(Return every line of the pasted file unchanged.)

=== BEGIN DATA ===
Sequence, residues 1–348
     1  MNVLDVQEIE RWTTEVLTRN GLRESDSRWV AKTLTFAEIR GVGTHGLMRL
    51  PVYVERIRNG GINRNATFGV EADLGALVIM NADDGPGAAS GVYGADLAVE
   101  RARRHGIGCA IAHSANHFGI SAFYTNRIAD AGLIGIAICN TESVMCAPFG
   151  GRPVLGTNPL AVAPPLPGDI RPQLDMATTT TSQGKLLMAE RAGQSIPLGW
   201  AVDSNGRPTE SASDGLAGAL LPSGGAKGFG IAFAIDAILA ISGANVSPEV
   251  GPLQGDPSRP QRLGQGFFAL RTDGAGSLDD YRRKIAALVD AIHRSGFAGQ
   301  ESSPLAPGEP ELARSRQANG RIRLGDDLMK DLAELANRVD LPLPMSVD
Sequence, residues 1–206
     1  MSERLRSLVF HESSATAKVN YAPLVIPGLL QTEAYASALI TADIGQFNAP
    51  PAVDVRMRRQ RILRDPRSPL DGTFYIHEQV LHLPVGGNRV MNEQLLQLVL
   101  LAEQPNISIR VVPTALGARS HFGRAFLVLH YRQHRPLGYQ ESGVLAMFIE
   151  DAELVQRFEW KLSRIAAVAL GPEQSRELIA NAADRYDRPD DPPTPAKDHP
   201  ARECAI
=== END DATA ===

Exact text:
Sequence, residues 1–348
     1  MNVLDVQEIE RWTTEVLTRN GLRESDSRWV AKTLTFAEIR GVGTHGLMRL
    51  PVYVERIRNG GINRNATFGV EADLGALVIM NADDGPGAAS GVYGADLAVE
   101  RARRHGIGCA IAHSANHFGI SAFYTNRIAD AGLIGIAICN TESVMCAPFG
   151  GRPVLGTNPL AVAPPLPGDI RPQLDMATTT TSQGKLLMAE RAGQSIPLGW
   201  AVDSNGRPTE SASDGLAGAL LPSGGAKGFG IAFAIDAILA ISGANVSPEV
   251  GPLQGDPSRP QRLGQGFFAL RTDGAGSLDD YRRKIAALVD AIHRSGFAGQ
   301  ESSPLAPGEP ELARSRQANG RIRLGDDLMK DLAELANRVD LPLPMSVD
Sequence, residues 1–206
     1  MSERLRSLVF HESSATAKVN YAPLVIPGLL QTEAYASALI TADIGQFNAP
    51  PAVDVRMRRQ RILRDPRSPL DGTFYIHEQV LHLPVGGNRV MNEQLLQLVL
   101  LAEQPNISIR VVPTALGARS HFGRAFLVLH YRQHRPLGYQ ESGVLAMFIE
   151  DAELVQRFEW KLSRIAAVAL GPEQSRELIA NAADRYDRPD DPPTPAKDHP
   201  ARECAI